I Should–

Michael and I spent a few precious hours in the garden late in the day today and I just felt like I “had” to take some photos and get this post done because I was writing in my head. Does this happen to you other bloggers? Sometimes I can’t move on to the next thing until I get that post drafted, or those photos taken. It’s an addiction, this blogging thing.  Part of what was on my mind was the fact that our garden has so many “shoulds” in it that I have to get busy with, or address or do something about, or not do because I should know better.

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These blueberry bushes are a good example. Michael and I bought them a few weeks ago because we had been in New Hampshire and encountered some beautiful bushes in a city park that were loaded with berries. This led to a new discussion about how much we’d like to plant some of our own, then we saw them for sale and had to have them. One really shouldn’t plant blueberry bushes in July. Spring and fall are the times for planting blueberry bushes so here we are keeping them well hydrated and waiting until fall to plant them. I should have known better. IMG_2179On the positive side I did cut back most, if not all, of my chrysanthemum (the hardy bush kind) today. They’ll fill in and be beautiful in the fall. If yours are getting ready to bloom you should cut them back now and watch how nice they look in your fall borders after they fill in and make new blossoms. You’ll be glad you did!

IMG_2178Here’s another, I “should” deal with this asparagus fern that’s taking over this little corner. That’s a rose-bush tucked in under it. Jeeshh

IMG_2174I should also figure out what to do with these beets. Beets have been less than well this year both here and at work. I think it was because of all the rain we had but I worry that it’s because I don’t really love them so I don’t spend the time to figure out what they need.

IMG_2169Here’s a small victory… I planted some fall beans where the sweet peas had been. A “should” that was dealt with, lets hope they grow right up that trellis!

IMG_2168Everyone “should” enjoy lemon balm scattered throughout the garden. It’s one of the simple pleasures out there.

IMG_2166 IMG_2163I trimmed  the bottom branches off of all of the romas today. Their a bit sparse but coming along…a should checked off that list!

IMG_2160This is an asian cucumber that I started recently for the fall… looking forward to seeing how it does… I should find a trellis for it soon.
IMG_2155 Another should addressed… I learned about how to tie up the leaves over the cauliflower head to give it shade. This is also called “blanching” it… interesting, we’ll see how it goes. IMG_2154 We have bush beans, with beans on the bushes, but their kind of scrawny and there’s yellow damage on the leaves. These plants are about two feet away from the chicken run and I suspect the ammonia may be drifting over and damaging the plants. I should figure out what to do to prevent this.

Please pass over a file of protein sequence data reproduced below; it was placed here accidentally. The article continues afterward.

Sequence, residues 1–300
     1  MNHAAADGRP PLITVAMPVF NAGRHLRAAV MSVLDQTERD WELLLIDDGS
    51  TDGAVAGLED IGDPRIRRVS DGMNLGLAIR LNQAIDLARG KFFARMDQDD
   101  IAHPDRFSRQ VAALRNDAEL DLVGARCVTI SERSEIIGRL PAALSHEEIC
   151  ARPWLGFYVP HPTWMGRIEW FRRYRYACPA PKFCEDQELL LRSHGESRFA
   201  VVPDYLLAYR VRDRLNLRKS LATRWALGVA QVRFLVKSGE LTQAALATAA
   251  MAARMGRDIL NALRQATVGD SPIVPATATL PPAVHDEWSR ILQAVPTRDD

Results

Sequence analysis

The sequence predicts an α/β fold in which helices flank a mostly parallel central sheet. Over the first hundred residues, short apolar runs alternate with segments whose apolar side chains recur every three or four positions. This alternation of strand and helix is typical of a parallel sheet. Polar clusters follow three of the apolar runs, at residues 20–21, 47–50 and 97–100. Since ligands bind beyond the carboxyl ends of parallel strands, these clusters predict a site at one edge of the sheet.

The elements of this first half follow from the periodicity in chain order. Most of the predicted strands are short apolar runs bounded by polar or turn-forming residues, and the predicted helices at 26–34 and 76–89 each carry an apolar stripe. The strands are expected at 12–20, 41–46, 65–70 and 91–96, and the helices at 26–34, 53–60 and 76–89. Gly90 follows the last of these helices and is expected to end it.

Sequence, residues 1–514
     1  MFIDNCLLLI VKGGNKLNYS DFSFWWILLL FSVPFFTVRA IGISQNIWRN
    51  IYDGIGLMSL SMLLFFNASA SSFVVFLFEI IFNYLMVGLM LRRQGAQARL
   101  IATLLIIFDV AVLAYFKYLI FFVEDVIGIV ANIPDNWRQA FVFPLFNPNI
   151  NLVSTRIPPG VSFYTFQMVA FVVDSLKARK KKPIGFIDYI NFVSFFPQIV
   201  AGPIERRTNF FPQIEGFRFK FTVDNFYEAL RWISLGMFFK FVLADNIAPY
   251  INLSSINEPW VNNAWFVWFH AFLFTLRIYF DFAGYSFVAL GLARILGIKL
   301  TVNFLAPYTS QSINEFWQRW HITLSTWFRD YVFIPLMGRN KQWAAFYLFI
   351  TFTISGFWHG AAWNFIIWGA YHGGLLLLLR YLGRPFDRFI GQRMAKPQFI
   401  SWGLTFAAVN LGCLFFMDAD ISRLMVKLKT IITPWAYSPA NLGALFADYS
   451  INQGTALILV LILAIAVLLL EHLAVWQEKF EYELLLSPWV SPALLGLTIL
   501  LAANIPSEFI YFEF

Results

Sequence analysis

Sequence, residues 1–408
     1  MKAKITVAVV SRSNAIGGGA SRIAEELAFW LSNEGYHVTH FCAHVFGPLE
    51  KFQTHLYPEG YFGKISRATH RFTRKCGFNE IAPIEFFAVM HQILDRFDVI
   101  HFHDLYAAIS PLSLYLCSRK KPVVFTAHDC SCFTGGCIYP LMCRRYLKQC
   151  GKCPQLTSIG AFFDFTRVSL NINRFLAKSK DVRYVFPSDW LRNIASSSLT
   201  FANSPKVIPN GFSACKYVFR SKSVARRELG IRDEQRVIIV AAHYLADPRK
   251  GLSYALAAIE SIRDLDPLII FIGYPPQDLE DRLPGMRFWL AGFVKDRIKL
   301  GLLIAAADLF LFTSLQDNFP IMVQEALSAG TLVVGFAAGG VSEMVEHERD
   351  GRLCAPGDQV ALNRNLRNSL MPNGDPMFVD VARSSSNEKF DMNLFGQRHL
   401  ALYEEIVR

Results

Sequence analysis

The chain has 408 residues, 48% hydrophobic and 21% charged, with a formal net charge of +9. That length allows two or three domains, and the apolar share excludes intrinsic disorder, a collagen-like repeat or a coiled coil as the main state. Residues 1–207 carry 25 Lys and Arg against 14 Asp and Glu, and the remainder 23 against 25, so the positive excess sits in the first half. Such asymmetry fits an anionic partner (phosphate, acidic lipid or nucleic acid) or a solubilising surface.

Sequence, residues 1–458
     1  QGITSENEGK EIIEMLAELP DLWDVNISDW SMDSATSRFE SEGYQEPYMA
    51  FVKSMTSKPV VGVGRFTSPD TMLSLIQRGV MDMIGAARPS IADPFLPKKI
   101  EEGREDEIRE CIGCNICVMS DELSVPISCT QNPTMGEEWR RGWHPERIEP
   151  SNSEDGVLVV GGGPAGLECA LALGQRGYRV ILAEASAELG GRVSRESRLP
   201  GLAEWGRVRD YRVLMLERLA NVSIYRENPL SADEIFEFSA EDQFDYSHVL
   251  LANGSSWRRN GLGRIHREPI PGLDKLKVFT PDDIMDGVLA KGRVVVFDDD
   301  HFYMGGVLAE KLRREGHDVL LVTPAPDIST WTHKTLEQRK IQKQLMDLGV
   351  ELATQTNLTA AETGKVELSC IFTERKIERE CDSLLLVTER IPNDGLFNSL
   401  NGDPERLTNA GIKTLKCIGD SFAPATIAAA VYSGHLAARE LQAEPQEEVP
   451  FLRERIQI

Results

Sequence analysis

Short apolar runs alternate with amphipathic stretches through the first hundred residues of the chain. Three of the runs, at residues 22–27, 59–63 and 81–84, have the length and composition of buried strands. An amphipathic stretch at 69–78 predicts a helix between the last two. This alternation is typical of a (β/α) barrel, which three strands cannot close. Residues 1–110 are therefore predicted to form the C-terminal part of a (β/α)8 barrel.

IMG_2152 The Brussel sprouts are sprouting… we should let these ripen past the first frost because the cold air sweetens them up.

IMG_2150 Hmmm… shallots, I should figure out exactly when to harvest these. What do you shallot growers think?IMG_2149

IMG_2147 I should jump for joy over my garden surprise this year. The tomatillo plant is loaded with blossoms… their adorable!

IMG_2140 I should put more eggshells around the bottom of these tomato plants and make some pesto from the basil as soon as possible. There’s going to be a nice crop of basil this year.

IMG_2136 I most definitely should deal with this butterfly garden. The last time I walked toward it one of my slithery friends disappeared right into it in front of me. I’ve been a little nervous about stepping in there ever since. I know I’ll be happy when it’s done. So will the butterflies!

Clearly this was a busy day and there’s more to come tomorrow. I should go to bed!  So should you if your staying up reading this on Saturday night!

Enjoy everything! xoxo

Michele

Beans, Beans, Beans

A week or so ago as I was cleaning up I encountered my usual fall “crop” of dried bean pods.  Every year some are just left out there and I always consider them to be one of my gifts of procrastination. They can be hulled and brought in. It’s kind of a fun activity and the kids enjoy it too!

Here we have Kentucky pole beans just as their ready to eat!And here we have the dried out, worn out looking remnants of the season.  I think that most of us find these! It can’t just be me!  I take them out and let them dry for another week or so in the air.Same story with my scarlet runner beans. I grow them as an ornamental, but I’ve read that  they are eaten in Central America, so they can be considered edible. They are lovely growing on a fence, trellis or even a telephone pole and hummingbirds and butterflies are attracted to them. These are truly finished for the season!
Coming out of the shell…And full of color! The kids love to play with these. The last few years I’ve had much more than I’d ever need for the following year. They make pretty decorations in a cup or bowl during the winter.

After their dry (about a week or so) I place them in a labeled envelope and store them in a cool dry place until next spring. One important note is that you need to stick with heirloom varieties. Hybrid beans won’t produce when planted.  Don’t try this with beans harvested from a big box store plant. You’ll likely be wasting time.

Whew, okay, maybe I’m back!  Not a bad post for someone who’s struggling with blogger’s block!

Enjoy Everything!

Michele